The denomination of the food varied according to the time in which it was consumed. This idea is wisely associated in the poem “The Monks and the Gaints.”
“Dinner and supper kept their usual hours,
Breakfast and luncheon never were delayed.”
It brings forth their routines and regular intake of food without fail.
In the Bishop Percy’s Reliques – Old Tom of Bedlam.
the poet takes us on a trip to the celestial world. Pluto, Mars, mercury, Venus and Moon are the stations were the poor Tom Wanders. The poet deals on the edibles in the Moon.
“The Man in the moon drinkers Claret,
Eates powder’d beef, turnip, and Carrot,
…………………………………………………………….
G.G.Coulton the author of the poem – Pearl probably highlights the high season of August as the feast of the Assumption (August 15th )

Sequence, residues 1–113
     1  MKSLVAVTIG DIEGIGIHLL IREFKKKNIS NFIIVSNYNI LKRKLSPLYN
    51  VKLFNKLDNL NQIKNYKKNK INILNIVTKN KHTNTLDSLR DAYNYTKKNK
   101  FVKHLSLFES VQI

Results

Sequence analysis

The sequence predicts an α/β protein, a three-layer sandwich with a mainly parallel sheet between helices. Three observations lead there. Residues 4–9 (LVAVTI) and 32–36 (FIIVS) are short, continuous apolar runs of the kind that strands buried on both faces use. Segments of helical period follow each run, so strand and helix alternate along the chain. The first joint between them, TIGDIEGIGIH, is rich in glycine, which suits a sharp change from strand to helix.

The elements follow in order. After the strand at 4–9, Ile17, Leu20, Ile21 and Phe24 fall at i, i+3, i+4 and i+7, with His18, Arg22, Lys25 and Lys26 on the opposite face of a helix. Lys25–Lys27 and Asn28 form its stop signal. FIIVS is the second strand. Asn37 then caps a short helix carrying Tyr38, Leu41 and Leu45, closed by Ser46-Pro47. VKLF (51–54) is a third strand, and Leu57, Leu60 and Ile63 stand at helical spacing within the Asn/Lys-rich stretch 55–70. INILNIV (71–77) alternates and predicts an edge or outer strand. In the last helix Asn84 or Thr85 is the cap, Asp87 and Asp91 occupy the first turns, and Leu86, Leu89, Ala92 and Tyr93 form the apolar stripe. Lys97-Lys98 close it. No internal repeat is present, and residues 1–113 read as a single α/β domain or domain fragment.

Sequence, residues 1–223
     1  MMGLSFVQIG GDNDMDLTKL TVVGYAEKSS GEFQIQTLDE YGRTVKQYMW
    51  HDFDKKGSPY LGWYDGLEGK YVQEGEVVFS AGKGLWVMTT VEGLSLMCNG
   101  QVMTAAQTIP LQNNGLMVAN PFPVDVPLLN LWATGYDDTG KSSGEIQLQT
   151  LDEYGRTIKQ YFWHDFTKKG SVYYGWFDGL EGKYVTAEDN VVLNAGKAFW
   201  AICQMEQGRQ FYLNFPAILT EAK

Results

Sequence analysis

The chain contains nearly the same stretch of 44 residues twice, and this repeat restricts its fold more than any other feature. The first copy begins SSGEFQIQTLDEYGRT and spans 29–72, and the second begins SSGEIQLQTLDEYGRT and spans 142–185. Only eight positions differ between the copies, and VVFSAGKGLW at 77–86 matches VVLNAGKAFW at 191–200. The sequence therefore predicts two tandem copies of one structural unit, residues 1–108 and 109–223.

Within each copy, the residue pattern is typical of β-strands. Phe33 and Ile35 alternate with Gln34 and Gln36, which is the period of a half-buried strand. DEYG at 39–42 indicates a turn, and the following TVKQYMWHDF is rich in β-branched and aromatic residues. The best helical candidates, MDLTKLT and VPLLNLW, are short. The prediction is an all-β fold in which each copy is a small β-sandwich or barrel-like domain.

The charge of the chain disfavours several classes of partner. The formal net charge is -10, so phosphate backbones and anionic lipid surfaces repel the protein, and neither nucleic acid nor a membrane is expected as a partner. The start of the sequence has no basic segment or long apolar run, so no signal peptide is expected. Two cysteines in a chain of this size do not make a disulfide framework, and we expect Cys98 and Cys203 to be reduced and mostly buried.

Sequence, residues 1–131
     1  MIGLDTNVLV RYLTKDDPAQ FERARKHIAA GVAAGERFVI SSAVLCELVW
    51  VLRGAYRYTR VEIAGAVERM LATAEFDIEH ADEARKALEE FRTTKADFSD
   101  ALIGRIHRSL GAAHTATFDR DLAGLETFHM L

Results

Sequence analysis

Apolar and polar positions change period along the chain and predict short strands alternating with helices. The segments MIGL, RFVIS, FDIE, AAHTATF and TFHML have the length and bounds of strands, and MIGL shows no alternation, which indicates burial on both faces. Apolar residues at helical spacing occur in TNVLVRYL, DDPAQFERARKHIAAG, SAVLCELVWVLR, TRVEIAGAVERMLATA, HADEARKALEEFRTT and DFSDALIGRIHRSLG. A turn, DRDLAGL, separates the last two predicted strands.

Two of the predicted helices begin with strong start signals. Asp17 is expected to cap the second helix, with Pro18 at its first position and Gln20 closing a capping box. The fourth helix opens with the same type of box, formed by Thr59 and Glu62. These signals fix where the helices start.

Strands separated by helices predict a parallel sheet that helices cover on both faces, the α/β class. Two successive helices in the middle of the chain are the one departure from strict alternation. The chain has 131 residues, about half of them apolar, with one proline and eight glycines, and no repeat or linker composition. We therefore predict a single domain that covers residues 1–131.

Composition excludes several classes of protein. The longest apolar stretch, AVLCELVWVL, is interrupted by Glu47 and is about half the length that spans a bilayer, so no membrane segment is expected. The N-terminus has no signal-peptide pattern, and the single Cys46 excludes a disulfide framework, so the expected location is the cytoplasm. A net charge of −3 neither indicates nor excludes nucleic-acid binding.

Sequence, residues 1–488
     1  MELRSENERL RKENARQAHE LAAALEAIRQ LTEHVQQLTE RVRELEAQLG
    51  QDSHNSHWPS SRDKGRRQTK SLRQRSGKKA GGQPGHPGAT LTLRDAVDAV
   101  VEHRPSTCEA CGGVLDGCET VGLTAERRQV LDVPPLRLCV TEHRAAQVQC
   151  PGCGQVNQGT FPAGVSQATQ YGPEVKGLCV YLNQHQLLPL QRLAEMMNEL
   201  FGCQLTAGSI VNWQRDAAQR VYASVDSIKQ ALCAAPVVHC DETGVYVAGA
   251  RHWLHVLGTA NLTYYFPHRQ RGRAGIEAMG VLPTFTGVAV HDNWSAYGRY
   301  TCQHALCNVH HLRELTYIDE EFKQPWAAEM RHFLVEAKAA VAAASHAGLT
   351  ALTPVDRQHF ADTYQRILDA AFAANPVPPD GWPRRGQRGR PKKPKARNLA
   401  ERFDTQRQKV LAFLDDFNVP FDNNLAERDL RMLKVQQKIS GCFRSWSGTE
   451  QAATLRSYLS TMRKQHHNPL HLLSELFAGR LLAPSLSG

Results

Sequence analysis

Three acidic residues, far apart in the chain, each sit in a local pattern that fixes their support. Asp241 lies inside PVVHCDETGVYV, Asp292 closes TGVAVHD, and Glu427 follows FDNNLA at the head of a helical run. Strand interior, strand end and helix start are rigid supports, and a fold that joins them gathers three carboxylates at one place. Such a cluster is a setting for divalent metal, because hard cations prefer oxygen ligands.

“when corn is cut with sickes keen
The Earth where once my pearl rolled down
Was shadowed with herbs full clear and sheen,
Gilly flower, ginger and gromelion
And peonies powdered all between.”
Though the poet was worried about the loss of his precious Pearl, the sight which comes forth before him insisted good harvest and self-sufficiency. All the seasonal crops grown well and people were never in hunger. Yields are in surplus and the end products reach their plates. Spices are also in the list.
A poem titled “The Aesthete” by William Schwenck Gilbert (1836 – 1911) focuses on the Nature’s beauty of producing Vegetables and Fruits.
“An attachment a’la plato for a bashful Young potato,
Or a not-too. French French bean!

Christopher Smart (1722-1771), in his poem”Song to David” portrayed the bountiful nature and its gift of many edible things.
“For adoration ripening canes
And cocoa’s purest milk detains
……………………………………………….
And Vines with Oranges disposed
……………………………………………………
The nectarine his strong tint imbibes
And Apples of then thousand tribes,